Geographic Marketing is when a business divides its marketing on the basis of geography. There is a new philosophy about how and where to find clients. It used to be that marketing was based on all the people in the world. But now so many businesses are local, and they don’t need international or national exposure to find clients.
There are so many ways that you can divide your market. Yes, you can do it by local geographical areas, such as by city, county, state, region, (like the West Coast), country, or international region, (like Asia). You can also divide your market into rural, suburban, and urban market segments. You can use demographics, age, gender, income. And, you can segment markets by climate or total population in each area.
The market segmentation is huge! Look at your business and find out who your clients are. What is their lifestyle? Where do they live? What purchases do they make? Where do they get their information from?
Why is Geographic Marketing Important?
Geographic Marketing or Market Segmentation is the practice of dividing consumers into groups based on shared needs, desires and preferences. Using these categories, a business can adjust its product lines and marketing techniques to appeal to each group more effectively by addressing their specific needs. This strategy is called targeted marketing. Conversely, mass marketing is when a business uses one advertising and marketing campaign to sell the same product to everyone. Geographic marketing is more about where the consumer is located.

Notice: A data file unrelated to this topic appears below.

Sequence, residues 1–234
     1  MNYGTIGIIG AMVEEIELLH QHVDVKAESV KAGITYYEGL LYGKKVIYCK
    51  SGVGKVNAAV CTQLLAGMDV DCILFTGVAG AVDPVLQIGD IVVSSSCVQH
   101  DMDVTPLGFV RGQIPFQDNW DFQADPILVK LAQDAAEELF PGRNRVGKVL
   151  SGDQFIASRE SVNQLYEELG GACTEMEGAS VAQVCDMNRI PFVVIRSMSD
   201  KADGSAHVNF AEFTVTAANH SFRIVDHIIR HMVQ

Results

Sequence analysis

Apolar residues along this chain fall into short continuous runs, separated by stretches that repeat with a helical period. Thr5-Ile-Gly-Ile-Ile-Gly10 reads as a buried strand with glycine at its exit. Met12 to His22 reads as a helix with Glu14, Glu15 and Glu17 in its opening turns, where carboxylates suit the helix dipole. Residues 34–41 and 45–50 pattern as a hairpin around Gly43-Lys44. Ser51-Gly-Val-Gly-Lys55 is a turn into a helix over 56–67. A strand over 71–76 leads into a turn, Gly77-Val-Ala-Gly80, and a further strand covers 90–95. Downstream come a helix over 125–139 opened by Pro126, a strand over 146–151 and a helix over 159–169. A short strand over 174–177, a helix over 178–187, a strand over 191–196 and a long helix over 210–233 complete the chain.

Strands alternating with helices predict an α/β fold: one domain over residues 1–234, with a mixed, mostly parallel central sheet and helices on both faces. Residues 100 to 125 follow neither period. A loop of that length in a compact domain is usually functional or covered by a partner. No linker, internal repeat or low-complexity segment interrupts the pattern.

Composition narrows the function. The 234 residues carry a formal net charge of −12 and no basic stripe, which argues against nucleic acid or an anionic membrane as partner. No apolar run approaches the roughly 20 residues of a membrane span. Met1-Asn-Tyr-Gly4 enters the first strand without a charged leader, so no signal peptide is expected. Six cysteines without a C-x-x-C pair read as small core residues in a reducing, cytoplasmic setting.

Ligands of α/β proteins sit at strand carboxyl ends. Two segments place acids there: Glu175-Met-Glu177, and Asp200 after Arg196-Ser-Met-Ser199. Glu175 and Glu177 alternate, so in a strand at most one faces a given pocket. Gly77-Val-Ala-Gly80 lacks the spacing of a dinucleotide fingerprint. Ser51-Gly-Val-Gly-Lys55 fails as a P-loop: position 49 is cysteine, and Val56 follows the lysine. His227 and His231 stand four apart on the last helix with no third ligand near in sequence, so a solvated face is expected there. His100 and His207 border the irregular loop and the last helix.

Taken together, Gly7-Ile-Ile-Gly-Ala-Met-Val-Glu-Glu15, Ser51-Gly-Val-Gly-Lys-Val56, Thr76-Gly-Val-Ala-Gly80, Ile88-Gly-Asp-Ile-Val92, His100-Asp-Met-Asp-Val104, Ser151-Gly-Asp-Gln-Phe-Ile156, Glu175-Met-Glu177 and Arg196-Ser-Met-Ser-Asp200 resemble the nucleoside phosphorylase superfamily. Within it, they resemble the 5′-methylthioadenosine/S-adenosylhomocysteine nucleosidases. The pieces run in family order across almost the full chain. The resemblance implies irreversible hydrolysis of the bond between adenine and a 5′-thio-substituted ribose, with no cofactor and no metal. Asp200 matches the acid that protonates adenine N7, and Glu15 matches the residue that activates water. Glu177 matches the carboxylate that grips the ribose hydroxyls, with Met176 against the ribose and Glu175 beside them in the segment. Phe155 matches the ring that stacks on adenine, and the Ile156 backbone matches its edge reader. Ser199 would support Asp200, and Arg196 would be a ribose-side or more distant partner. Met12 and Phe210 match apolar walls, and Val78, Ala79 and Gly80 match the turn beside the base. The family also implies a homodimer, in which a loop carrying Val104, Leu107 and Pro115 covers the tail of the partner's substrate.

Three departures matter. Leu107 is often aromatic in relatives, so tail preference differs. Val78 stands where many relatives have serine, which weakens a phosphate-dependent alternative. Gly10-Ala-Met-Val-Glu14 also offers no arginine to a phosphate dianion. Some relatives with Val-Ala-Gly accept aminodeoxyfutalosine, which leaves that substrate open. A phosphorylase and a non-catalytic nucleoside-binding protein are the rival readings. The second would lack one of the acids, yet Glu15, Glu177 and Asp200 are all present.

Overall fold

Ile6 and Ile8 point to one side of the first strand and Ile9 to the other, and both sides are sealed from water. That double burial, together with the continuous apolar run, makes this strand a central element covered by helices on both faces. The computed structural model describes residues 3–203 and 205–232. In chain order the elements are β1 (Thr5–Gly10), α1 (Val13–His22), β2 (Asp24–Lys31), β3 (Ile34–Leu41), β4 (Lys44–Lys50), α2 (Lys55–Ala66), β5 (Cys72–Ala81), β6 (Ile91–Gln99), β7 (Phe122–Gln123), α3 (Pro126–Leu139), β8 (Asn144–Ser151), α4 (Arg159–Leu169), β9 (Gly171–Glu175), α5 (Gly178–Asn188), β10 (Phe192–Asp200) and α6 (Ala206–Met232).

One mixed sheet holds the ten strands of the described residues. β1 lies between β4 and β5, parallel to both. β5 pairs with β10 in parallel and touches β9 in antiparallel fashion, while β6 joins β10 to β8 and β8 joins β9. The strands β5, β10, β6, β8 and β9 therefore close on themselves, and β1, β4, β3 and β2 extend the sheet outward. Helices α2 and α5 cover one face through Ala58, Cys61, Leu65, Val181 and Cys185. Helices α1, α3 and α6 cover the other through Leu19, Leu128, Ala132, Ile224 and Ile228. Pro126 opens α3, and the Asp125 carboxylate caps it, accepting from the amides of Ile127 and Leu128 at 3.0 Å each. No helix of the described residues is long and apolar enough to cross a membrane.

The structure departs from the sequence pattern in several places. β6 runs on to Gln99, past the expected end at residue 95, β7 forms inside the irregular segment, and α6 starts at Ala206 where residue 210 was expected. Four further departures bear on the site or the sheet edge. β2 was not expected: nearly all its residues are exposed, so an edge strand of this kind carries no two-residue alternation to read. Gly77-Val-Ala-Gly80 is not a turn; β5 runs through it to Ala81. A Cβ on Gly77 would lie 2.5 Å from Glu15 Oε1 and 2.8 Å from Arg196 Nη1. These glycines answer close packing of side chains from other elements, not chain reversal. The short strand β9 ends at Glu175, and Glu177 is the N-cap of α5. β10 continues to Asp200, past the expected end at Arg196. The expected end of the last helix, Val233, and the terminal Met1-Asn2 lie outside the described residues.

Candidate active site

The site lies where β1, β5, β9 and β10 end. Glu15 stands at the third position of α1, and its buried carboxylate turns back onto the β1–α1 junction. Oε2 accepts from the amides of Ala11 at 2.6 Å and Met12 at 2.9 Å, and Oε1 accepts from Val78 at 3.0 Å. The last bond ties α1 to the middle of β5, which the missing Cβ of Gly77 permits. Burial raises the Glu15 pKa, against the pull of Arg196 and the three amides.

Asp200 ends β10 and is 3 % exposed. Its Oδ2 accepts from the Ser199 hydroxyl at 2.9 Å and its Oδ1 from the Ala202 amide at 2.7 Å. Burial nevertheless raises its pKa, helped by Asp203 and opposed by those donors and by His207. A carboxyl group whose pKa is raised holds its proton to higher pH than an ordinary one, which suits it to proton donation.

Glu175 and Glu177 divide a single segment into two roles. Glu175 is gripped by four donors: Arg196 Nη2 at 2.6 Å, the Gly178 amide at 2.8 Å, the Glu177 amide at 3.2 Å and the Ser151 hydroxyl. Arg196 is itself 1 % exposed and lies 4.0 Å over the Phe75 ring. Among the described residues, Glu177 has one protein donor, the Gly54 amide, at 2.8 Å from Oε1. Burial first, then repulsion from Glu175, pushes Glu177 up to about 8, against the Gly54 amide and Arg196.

It’s an effective approach for companies with large national or international markets because different consumers in different regions have different needs, wants, and cultural characteristics that can be specifically targeted.
It can also be an effective approach for small businesses with limited budgets. They can focus on their defined area and not expend needless marketing dollars on approaches ill-suited for their target geographic segment.
It works well in different areas of population density. Consumers in an urban environment often have different needs and wants than people in suburban and rural environments. There are even cultural differences between these three areas.
It’s relatively easy to break your market down to geographic segments.
Pay less for advertising when you know where your market is.
Some examples of business who might want to use Geographic Targeting:
Restaurants and Food
Clothing and Apparel Suppliers
Real Estate Offices & Agents
Car Sales Companies
Can you see why these types of companies might want to spend their money in or on a geographic targeted market?